I’ve recently been spending some time going through old pictures my parents had collected over their 52 years of marriage. Seems my parents didn’t throw anything away … I mean ANYTHING.
The photos are of family events mostly but also some from trips here and there. In among the boxes of photos were other mementos of trips my parents had taken over the years. For instance, there were many road maps because my father was a road warrior on vacation. Quite a few of the maps were from Esso gas stations which gives you a sense of when the trips occurred. In addition to the maps, there were a number of random post cards. One set of six post cards were from a winery I don’t remember visiting called Italian Swiss Colony. My parents did manage to do some things without us kids once in awhile, so …. Anyway, what’s fascinating is that the Italian Swiss Colony is definitely a part of the California wine industry’s history.
According to Wikipedia, the business was founded in 1881 by Andrea Sbarboro as an agricultural colony at Asti, California to help provide work for the many Italians who had migrated to the San Francisco area. Asti is in the Alexander Valley of Sonoma County. Initially, the members of the colony were from Ticino (a largely Italian ethnic region in Switzerland), thus giving the colony it’s moniker.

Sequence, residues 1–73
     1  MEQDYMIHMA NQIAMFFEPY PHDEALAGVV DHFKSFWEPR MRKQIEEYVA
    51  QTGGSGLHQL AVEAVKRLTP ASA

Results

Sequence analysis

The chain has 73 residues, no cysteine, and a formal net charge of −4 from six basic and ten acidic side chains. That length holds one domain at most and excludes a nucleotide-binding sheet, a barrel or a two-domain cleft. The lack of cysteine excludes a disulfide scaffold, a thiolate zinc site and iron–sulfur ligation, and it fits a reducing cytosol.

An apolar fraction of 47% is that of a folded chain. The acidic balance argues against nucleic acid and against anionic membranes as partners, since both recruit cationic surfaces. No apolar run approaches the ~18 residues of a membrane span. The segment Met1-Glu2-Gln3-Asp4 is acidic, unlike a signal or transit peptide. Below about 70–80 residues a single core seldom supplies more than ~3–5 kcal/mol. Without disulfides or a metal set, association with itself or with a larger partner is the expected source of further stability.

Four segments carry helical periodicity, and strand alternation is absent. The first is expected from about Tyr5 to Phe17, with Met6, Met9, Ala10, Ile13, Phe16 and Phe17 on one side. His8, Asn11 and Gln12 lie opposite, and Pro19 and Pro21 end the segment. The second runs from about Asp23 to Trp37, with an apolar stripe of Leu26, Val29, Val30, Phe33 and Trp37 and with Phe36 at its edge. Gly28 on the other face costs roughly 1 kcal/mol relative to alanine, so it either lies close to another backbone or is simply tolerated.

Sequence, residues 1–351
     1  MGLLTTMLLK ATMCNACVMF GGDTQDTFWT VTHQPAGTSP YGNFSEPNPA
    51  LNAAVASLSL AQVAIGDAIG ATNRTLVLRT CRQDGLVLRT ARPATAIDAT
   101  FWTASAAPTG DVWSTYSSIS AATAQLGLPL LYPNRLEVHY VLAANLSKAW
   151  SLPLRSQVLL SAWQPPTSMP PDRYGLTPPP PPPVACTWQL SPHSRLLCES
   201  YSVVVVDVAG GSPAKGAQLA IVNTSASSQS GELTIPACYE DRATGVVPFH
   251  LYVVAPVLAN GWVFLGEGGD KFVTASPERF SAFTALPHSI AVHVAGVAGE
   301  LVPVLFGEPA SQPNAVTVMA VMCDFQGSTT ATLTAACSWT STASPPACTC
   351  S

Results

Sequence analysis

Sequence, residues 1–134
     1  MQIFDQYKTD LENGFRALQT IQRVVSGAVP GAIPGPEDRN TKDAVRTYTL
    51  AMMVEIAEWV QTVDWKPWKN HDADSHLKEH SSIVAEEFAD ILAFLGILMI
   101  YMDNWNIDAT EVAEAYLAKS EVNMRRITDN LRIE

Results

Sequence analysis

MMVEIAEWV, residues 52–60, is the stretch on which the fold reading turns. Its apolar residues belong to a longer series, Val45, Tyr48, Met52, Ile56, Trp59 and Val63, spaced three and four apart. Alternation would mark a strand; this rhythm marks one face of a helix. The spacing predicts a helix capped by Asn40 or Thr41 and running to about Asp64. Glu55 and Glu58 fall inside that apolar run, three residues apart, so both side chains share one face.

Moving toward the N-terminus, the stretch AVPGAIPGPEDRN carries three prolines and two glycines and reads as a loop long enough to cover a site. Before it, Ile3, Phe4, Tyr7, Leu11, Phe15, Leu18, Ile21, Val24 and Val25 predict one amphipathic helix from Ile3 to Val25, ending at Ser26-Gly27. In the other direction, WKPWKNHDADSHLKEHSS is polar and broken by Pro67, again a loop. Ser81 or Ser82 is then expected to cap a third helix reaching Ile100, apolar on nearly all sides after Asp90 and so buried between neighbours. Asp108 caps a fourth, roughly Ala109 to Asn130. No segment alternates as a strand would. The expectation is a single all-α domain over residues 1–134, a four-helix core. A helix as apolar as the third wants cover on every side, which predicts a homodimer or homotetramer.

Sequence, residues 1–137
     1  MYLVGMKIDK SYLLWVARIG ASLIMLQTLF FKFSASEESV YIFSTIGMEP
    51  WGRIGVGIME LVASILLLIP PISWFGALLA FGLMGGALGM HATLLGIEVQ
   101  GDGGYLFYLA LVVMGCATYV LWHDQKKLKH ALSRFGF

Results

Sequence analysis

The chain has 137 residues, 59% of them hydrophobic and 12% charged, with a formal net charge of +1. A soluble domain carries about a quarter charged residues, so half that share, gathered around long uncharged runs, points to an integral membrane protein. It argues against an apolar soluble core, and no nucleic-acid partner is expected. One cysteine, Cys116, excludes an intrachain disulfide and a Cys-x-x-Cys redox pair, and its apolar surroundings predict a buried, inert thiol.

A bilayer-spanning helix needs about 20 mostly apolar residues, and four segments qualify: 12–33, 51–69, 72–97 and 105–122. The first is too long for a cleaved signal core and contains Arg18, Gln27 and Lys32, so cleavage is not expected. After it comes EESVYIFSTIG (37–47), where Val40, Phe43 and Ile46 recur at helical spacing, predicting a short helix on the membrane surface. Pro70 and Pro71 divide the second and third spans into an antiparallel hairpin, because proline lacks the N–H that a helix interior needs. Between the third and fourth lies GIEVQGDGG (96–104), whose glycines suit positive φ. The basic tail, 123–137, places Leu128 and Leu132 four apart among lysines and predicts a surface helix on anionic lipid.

Soon after it’s founding (1887), a dip in grape prices led the colony to establish it’s own winery and begin selling it’s product first in the U.S. and then Europe, South America and Asia. Over the years the winery has changed hands – National Distillers, Petri Wine, United Vintners, Heublein, Allied Growers, Erly Industries, etc. In 2015 the winery (or it’s descendant), known at the time as Asti Winery and selling under the Souverain brand, was purchased by E&J Gallo from it’s then owner Treasury Wine Estates. Today it’s known as Chateau Souverain. Interestingly enough, the Souverain or Chateau Souverain brand dates back to the 1940’s, but the winery itself goes back to 1881 and the Italian Swiss Colony.